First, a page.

- Author: Surendra K. Dara
Seal of IPM - a practical and sustainable crop production system
Arthropod pests or diseases cause a variety of damages to crops. Some by reducing plant vigor resulting in lesser yields and some by causing direct damage to the produce which can be unmarketable due to deformity, unpleasant taste, damaged tissue due to insect feeding, presence of insects and/or frass, decay due to secondary infections, and other factors. It is quite understandable when the produce is not accepted because of the taste or potential health risk. For example, citrus fruit with huanglongbing or citrus greening disease transmitted by Asian citrus psyllid gives a bitter taste to citrus juice. Navel orangeworm larvae bore into almonds and feed on the nut causing complete or partial damage and leave frass and cause fungal infections. Brown marmorated stink bug damage on fruits and vegetables change the texture and taste of the damaged area. Such damage certainly makes the produce unmarketable and applying pesticides or administering other control measures to prevent the damage is warranted.
Brown marmorated stink bug damage to apple (above - Photo by Chris Bergh, Virginia Tech) and navel orangeworm damage to almond (below - Photo by Jack Kelly Clark, UC IPM)
On the other hand, certain damage is only cosmetic with no reported change in taste or quality of the produce. One example would be fruit deformity caused by the lygus bug in strawberries. Strawberry is a high value fruit appreciated for its taste, shape, color, and flavor. Lygus bug feeding on young green berries results in uneven growth and deformity of mature berries. While there is no record of the impact of lygus damage on strawberry fruit quality, millions of pounds of pesticides are applied to control lygus bug or similar pests that cause cosmetic damage in strawberries and other crops.
Cosmetic damage to strawberry by lygus bug (Photo by Surendra Dara)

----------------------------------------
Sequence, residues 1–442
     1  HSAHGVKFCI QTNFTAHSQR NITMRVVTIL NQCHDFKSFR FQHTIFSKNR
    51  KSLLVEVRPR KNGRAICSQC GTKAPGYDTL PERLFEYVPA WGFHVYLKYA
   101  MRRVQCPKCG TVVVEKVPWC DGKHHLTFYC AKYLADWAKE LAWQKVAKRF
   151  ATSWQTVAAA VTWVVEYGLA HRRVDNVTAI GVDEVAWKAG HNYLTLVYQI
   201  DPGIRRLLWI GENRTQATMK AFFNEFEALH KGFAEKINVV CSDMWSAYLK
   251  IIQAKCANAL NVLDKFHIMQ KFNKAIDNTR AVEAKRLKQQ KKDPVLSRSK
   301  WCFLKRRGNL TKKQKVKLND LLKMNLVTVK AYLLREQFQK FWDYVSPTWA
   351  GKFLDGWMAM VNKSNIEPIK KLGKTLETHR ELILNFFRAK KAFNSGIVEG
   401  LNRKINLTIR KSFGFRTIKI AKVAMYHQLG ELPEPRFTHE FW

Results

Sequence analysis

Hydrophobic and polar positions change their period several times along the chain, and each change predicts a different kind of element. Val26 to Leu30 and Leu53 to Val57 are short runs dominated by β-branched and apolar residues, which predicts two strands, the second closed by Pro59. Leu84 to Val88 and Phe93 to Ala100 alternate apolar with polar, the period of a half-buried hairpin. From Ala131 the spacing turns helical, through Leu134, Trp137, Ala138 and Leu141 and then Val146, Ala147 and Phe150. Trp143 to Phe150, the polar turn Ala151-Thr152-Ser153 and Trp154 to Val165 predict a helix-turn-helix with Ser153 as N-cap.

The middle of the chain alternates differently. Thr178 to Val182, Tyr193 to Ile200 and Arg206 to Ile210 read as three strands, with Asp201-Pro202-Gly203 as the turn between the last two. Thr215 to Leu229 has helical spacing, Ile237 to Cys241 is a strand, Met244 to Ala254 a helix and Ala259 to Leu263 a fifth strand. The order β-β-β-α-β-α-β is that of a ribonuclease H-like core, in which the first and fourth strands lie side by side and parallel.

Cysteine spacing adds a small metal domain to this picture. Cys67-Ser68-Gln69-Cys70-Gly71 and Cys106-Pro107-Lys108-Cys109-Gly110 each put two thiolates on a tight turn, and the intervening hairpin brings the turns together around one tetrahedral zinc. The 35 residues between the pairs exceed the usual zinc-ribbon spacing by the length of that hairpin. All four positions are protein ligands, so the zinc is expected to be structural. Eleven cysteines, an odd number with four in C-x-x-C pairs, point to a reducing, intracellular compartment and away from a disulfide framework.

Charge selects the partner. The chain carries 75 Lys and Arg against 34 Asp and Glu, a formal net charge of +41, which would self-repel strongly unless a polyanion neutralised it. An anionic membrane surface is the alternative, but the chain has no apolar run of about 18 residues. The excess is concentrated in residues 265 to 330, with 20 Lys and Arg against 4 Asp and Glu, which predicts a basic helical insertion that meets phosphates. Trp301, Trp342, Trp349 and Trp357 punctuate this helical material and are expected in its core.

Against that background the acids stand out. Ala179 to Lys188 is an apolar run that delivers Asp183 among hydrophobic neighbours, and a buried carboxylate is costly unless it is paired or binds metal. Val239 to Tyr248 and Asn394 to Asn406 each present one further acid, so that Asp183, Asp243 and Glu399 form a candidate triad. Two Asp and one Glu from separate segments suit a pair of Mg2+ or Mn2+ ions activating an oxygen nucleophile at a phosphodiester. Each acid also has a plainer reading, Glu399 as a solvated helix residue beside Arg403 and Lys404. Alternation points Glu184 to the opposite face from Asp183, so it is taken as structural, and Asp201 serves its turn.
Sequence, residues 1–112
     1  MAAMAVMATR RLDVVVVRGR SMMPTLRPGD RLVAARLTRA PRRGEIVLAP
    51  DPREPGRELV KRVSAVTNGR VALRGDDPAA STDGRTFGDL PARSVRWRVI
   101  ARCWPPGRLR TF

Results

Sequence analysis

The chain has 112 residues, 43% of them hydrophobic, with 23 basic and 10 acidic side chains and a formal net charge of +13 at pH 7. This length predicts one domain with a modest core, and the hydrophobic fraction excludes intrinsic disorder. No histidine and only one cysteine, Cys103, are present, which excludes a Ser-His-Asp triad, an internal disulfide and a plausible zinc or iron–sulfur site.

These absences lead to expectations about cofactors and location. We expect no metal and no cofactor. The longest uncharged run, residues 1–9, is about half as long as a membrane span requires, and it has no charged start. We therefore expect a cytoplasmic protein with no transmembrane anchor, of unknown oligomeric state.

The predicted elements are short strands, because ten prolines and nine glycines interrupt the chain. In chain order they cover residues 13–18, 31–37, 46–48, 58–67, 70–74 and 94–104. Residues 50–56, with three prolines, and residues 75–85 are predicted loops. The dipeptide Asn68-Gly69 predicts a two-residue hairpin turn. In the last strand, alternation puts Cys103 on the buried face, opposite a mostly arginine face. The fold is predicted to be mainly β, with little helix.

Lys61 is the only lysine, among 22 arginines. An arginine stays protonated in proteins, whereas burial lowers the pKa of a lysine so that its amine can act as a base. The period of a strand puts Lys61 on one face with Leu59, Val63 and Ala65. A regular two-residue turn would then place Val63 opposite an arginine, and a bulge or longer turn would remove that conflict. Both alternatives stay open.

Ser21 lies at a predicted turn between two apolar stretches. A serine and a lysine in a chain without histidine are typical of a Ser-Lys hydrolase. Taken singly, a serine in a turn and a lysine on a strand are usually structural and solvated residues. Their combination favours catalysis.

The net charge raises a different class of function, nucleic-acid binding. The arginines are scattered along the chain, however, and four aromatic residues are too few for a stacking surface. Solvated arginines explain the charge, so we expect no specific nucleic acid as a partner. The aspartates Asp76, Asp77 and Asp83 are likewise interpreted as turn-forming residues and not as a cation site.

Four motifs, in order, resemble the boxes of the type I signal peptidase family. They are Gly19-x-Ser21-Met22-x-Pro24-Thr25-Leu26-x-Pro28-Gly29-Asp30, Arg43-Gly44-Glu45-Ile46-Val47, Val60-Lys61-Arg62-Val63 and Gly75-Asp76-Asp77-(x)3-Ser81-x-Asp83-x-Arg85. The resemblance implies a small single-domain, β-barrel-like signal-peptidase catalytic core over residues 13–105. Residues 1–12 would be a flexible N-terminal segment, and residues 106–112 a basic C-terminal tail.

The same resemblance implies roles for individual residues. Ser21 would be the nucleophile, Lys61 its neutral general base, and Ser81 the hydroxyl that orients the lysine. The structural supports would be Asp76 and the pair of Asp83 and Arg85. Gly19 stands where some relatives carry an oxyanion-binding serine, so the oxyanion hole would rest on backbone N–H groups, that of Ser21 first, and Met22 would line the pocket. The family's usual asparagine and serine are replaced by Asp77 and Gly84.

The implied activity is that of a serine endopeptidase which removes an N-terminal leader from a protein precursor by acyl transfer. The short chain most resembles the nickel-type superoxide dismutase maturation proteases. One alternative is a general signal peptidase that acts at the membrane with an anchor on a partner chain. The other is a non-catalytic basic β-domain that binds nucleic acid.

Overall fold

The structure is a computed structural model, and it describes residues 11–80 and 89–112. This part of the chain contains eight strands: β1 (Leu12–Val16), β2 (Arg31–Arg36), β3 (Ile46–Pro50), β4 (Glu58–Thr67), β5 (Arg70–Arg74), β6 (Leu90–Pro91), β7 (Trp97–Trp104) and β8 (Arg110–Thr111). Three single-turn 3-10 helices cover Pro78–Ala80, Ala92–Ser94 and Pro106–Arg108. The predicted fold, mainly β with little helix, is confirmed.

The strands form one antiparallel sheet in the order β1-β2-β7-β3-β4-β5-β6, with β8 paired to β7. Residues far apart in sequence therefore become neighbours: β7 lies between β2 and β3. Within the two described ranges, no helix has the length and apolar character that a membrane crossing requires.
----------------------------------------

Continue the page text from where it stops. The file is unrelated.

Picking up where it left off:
The preference of consumers for perfectly shaped fruits and vegetables creates a need for intensive pest management practices and results in associated financial and environmental costs. Since chemical pesticides are generally economical and effective tools to manage pests, they are widely used. The overuse of certain effective pesticides causes development of resistance in pest populations. This, in turn, leads to increased use of the same or other pesticides. Excessive use of chemical pesticides can have a harmful effect on beneficial arthropods resulting in secondary pest outbreaks. Organic agriculture is gaining popularity due to environmental and human health concerns from chemical pesticide use. “Organic agriculture produces products using methods that preserve the environment and avoid most synthetic materials, such as pesticides and antibiotics” according to USDA. But organic agriculture is not necessarily the only sustainable solution.
Before agricultural industrialization, there was a better balance between pests and their natural enemies (beneficial arthropods such as predators and parasitoids that attack pests). Once agriculture was industrialized, thousands of acres of monoculture now provide an unlimited supply of food for a variety of pests. When the natural balance is disrupted, natural enemies alone are not sufficient to manage pest populations. This is where an Integrated Pest Management (IPM) strategy plays an important role in bringing a sense of balance into pest management. IPM employs multiple tools that include selecting resistant varieties, modifying planting dates, changing irrigation and nutrient management practices, conserving or releasing natural enemies, applying chemical, botanical, and microbial pesticides, or using mechanical tools. Each of these tools contribute to reducing pest numbers, complement each other, and result in pest management in an environmentally sustainable manner.